Time4Learning is a K-8 grade online home education program which offers fun educational games and interactive videos. It is designed in a way that allows you to use it as an entire homeschool curriculum or as a supplement to your current school program giving it the flexibility to meet your family's personal needs.
Since I already have a homeschool curriculum we planned on using it as a supplement. I was eager to see how well it would work with Gess, since she has Down Syndrome and therefore has some special needs and struggles. The registration process was fairly intuitive and it was not long before Gess was introduced to Ed Mouse, and began exploring Time4Learning. Now, you do not actually have to watch the Ed Mouse intro each day, you may simply click to enter, but Gess really enjoyed watching the computer mouse transform into an actual mouse and welcome her to her lessons. He always gave her a chuckle and as you can see, he is kind of charming!
Now, after you have been completely entertained by Mr. Ed Mouse, you move on into your first session. Your sessions are personalized and parents have the ability to set the amount of time your child must work and the amount of time they may play on the playground. That's right, your child is rewarded for their efforts by giving them a safe and friendly way to play some online games, but only for the amount of time you allow and only after they complete their work session. So before play, we must first get to our lessons. As you can see, you can choose from language arts, extended language arts, math, science and social studies.
One of the aspects that was really great about this site is that you get to choose your child's grade level for each individual subject. Not only that, but you can also access the grade below and above your current grade from the main menu. That is really a helpful tool for kids with special needs. In math most of the kindergarten videos were too easy but there were a few that were helpful for Gess and yet there were many that were too tough in 1st grade. We also alternated grade levels for science and social studies, depending on what Gess was learning about that day.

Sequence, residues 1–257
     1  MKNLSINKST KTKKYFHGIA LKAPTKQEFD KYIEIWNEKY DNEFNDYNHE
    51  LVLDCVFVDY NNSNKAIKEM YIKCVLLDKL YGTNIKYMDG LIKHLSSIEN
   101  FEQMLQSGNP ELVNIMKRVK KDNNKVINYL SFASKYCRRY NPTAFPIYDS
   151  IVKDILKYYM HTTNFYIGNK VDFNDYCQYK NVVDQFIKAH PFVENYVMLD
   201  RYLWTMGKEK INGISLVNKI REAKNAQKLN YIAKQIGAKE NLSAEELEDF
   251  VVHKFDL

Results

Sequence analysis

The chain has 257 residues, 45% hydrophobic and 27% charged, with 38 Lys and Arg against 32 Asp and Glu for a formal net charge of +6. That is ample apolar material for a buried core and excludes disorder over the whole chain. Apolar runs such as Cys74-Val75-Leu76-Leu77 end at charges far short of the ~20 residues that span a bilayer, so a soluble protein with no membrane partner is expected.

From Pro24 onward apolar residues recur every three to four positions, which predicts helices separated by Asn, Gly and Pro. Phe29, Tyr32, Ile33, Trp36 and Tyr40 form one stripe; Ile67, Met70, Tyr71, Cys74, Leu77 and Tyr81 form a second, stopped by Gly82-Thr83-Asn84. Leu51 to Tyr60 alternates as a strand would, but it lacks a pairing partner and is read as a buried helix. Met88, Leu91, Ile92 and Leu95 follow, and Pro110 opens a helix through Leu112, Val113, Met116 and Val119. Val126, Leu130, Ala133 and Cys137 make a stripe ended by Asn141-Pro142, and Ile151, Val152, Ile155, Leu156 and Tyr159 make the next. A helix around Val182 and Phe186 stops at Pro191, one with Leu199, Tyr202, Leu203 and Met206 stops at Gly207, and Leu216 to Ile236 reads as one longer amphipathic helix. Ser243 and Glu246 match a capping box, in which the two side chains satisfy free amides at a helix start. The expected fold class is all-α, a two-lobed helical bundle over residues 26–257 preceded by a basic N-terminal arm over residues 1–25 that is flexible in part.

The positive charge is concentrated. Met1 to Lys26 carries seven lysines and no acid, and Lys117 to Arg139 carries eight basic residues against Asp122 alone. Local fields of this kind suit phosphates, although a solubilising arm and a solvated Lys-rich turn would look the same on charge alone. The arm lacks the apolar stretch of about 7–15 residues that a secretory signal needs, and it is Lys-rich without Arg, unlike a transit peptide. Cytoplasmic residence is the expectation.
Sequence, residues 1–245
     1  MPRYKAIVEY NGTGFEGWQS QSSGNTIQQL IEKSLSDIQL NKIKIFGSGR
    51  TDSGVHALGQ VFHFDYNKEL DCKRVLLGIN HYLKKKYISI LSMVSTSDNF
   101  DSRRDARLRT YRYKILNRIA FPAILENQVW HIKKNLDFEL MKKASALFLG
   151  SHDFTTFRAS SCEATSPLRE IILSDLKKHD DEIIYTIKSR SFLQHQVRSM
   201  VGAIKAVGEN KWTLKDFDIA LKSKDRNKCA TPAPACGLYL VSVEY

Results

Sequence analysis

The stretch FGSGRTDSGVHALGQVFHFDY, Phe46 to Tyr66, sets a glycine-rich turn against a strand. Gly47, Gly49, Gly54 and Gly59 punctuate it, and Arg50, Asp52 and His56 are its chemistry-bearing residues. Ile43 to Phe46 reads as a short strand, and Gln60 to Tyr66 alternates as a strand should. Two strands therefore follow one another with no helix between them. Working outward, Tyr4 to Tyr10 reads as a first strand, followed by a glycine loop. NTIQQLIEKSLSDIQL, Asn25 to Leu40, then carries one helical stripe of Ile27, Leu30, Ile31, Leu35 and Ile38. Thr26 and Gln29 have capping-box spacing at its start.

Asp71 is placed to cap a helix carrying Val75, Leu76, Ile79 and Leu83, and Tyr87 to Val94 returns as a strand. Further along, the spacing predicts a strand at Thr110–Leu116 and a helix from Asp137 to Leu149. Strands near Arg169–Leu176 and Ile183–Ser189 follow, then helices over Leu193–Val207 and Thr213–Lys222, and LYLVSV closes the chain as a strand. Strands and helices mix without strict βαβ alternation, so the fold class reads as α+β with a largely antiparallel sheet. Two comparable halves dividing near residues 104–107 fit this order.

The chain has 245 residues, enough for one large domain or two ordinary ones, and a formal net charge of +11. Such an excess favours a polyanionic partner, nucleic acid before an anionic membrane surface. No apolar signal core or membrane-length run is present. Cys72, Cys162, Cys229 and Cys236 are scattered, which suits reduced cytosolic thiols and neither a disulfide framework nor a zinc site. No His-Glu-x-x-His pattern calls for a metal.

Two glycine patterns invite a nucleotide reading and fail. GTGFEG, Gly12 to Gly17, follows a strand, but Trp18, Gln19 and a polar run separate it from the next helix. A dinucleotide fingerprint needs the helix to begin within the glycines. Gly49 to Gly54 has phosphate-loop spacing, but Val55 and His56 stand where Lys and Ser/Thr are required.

Language arts was the subject that Gess enjoyed the most, probably because it's her best subject. We were able to actually go through the language arts lessons in order and do daily work there on a regular basis. While I was using this as a supplement, there were a few days where this was the only work we would do in language arts for the day. This was also the only subject that I found that I could let Gess work independently because of her special needs. I was impressed at how thorough the lessons were. As an example I will show you one section of the 2nd grade language arts session on phonics. Each phonics unit has 7 sessions. The one on fluency was Gess' favorite. She loves reading stories and having them read to her. This allowed her to do both, but it also taught her "how" to read it correctly.
It began here. You would read the story on your own. You clicked the start sign when you began and another sign when you were finished and it timed how long it took you to read it.
The goal is to read 90 words per minute. I always considered Gess a slow reader so I was a amazed to see her do really well at this activity. She read 91 words per minute!
Now it takes you through a few more activities to learn how to read more fluently. It shows you how to pause for periods and commas, how to use proper intonation and other helpful hints for reading fluently, all while reading the same story. Then you get to choose to read along with them either quickly or slowly allowing you to work at your own pace.
Then after you have done all the activities you read it and time yourself again. Gess read a little faster this time, which wasn't the goal of the activity, but it was still fairly close to the target.
Now that you are finished with fluency it is time to check your comprehension. I really love that this quiz comes after reading it several times. Because of Gess' special needs I never ask for comprehension on her first reading of a story. I always make sure she has read something at least twice (sometimes more) before testing comprehension. By the time she had completed all the other activities, she usually did really well on the interactive quiz.
This was only one section of one subject. Time4Learning really is a comprehensive program with over 1,000 animated lessons. You can subscribe to Time4Learning by visiting their website. It costs $19.95 per month for the first child and each additional child is $14.95.
So what did I like most about Time4Learning? Well, Gess found the videos enjoyable and engaging so she was willing and sometimes eager to do her lessons. It gives children some independent study time and has tools for parents to keep track of their child's performance. It also does the lesson preparation for you, saving you the time and hassle of doing it yourself.
Was there anything I did not like? I love that they let you repeat lessons but since the lessons are animated you always get the same exact questions in the same order. Because of that the child might end up learning the expected result rather than the concept. I guess I just wish the lessons, or at the least the quiz afterward, was more random. The other problem is the cost. While I do believe that this product is worth a monthly fee, I know that it will be something that many homeschool families will not be able to afford, especially large ones.
For those considering giving it at try, they do offer a 2 week money back guarantee. You can learn more by visiting the Time4Learning website or see what other crew mates thought by visiting the TOS Homeschool Crew blog.
As a member of the TOS Homeschool Crew I received a month free subscription to Time4Learning for giving my honest opinion and assessment of this product in this review.